Dear Technoid,

You offered the opinion recently that “77% at the desired range is an optimal pattern”, but declined to discuss why this was true. It seems a little counterintuitive to me; I’m more used to something like “maintain an average of 1 pellet per 2 square inches in the effective edges of the pattern at the desired range when trying to break edge-on clay targets”.

For example, suppose I am shooting skeet. At one extreme, if I shoot 1-1/4oz of #9, I suspect that 77% at 22 yards will be such a dense center that one would be better off with a wider spread. On the other hand, if I were to shoot 1/2 oz of #7-1/2, I’d probably need a 90% choke to have any reasonable chance of hitting birds, even when centered. Neither of these is a normal choice of load – maybe the 77% rule is for more reasonable situations?

Thanks for your thoughts (when you have the time),

Pete

Dear Pete,

Yes, it is counter intuitive to think that one percentage number works for all loads at all distances, on all targets and in every circumstance. It doesn’t perfectly for everything under the sun and it’s my fault for not making all of my parameters clearer.

I derived the 77% number from Ed Lowry and Keith Garner’s excellent 1996 ballistics program “Shotshell Ballistics for Windows”. Here’s how it was arrived at. I use the following criteria: the target is an edge-on clay target with 6 sq/in of area showing. I used Warren Johnson’s excellent “Choke Chooser” standards of a 95% chance of a one pellet strike (mathematically equal to an 80% chance to a two pellet strike) as my minimally acceptable fringe density. I have found that Warren’s number is a pretty good “real world” figure. I also used what I felt were “standard” target loads of 1-1/8 oz of #9, #8 and #7-1/2 shot sizes.

By running the Lowry program, if you input the number of pellets in your load and the percentage of that load it puts into a 30″ circle at the distance at which you are shooting (not necessarily 40 yards), you can calculate the probable chance of the range of pellet strikes on the target at any distance from the center of the 30″ circle on out to the edge. Lowry’s program does this because he has programmed pellet distribution to follow the Gaussian or bell curve, a theory first proposed by Journee in the ’20s and reinforced by most modern ballisticians.

When you plug in the numbers for a 1-1/8 oz load of #8s containing 461 pellets and move the center of the target away from the center of the circle until you get a 5% miss probability (thus 95% chance of one pellet hit and 80% chance of a two pellet hit- our fringe criteria), you get the following distances at the following percentage chokes:

40% of pellets in 30″ circle = zero chance of only 5% misses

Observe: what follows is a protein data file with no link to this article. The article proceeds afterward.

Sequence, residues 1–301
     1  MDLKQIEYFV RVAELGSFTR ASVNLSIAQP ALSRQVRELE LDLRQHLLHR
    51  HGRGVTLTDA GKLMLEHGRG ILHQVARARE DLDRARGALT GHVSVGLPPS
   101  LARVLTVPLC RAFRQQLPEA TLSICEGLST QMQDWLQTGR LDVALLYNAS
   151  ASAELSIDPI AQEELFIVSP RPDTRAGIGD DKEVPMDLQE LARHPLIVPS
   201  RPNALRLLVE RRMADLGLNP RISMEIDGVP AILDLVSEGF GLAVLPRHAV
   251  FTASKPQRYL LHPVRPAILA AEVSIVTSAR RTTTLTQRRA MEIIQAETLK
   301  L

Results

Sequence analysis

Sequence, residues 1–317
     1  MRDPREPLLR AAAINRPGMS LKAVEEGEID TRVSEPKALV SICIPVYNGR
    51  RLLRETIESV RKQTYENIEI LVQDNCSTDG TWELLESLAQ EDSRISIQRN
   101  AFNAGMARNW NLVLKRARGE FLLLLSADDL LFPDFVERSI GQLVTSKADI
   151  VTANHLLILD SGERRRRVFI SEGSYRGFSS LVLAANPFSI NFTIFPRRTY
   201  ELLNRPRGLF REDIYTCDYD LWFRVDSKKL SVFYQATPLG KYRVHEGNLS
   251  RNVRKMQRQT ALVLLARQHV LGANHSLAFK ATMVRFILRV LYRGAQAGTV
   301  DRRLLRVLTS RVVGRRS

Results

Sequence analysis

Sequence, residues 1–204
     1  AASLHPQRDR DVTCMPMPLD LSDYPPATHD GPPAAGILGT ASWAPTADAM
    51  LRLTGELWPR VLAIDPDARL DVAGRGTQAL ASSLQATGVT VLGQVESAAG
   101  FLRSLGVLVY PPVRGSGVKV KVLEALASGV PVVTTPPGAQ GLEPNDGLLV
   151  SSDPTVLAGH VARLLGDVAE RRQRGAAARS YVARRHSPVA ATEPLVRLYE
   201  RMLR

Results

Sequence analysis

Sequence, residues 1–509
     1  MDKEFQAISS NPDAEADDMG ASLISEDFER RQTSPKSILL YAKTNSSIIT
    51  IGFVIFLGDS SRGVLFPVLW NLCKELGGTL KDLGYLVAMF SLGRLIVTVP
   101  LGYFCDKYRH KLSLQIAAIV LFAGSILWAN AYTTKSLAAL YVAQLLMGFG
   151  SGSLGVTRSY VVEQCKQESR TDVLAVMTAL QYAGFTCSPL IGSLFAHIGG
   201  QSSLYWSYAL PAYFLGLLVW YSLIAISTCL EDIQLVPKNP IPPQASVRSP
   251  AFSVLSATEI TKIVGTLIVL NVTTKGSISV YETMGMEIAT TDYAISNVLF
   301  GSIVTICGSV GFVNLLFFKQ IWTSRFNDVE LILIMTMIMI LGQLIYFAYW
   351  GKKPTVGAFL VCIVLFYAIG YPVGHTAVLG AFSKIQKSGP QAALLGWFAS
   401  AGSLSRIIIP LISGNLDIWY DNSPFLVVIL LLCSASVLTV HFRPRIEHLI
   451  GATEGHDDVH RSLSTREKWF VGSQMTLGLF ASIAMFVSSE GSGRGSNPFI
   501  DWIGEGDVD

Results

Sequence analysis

50% of pellets in 30″ circle = zero chance of only 5% misses

60% of pellets in 30″ circle = 5% misses at 6″ from circle center (i.e. maximum acceptable diameter is 12″)

70% of pellets in 30″ circle = 5% misses at 9″ from circle center- 18″ effective pattern

77% ……….. at 10″ from center- 20″ effective pattern

80% ……….. at 10″ from center – 20″ effective pattern

90% ……….. at 10″ from center – 20″ effective pattern

99% …………at about 9.5% – 19″ effective pattern

Right around 77% is the first place where the maximum effective pattern diameter is achieved. It is interesting that patterns from about 75% to 95% are equally effective in this model with this particular pellet count. The most open pattern is selected because it gives the largest “almost acceptable” fringe beyond the acceptable fringe.

The percentages are roughly the same using a 658 pellet count typical of a 1-1/8 oz load of #9s. Effective pattern spread peaks right round 77%, with 70% and 80% each giving slightly smaller patterns. In this case, that 77% is about dead on.

With the 393 pellet count typical of 1-1/8 oz of #7-1/2s, the model fails slightly with the optimum pattern percentage being 90% (producing a 19″ pattern). 77% produced only a 17″ pattern. With this pellet count, 80% to 99% patterns give you 18″ or better.

So, with the three sizes of shot (pellet count is what matters here) commonly used in clay targets, and shooting at an edge-on clay target, that 77% number seems perfect for #9s, the beginning of the good part for #8s and a bit too loose for #7-1/2s, given my criteria of a 95% chance of a one pellet strike.

Obviusly, these numbers would change drastically if you changed the edge-on 6″ clay target area to a 15″ face on target. You need very much less choke in these situations, but I wanted my number to reflect the most conservative situation.

Then you also have to factor in pellet energy. A two pellet strike from a 1200 mv #9 at 20 yards may do the bird in, but probably won’t at 40 yards where it a two pellet strike from #7-1/2s would be about the energy equivalent. Energies from each of the three pellet sizes equate at about 20, 32 and 40 yards. Obviously, you have a better chance of hitting a 40 yard crosse with a load of 658 #9s, but the energy is such that you will be less likely to break it and so you can’t apply the 95% chance of a one pellet strike as an acceptable parameter. I have seen 60 yard crossers broken with #9s, but that certainly doesn’t mean that #9s are the best pellet for that particular shot.

Anyway, that’s why I picked 77%. I think it’s a pretty good number. I also think that most people under choke for the clay target games. Now how’s that for sticking my neck out?

Best regards,

Bruce Buck

The Technoid writing for Shotgun Report, LLC

(Often in error. Never in doubt.)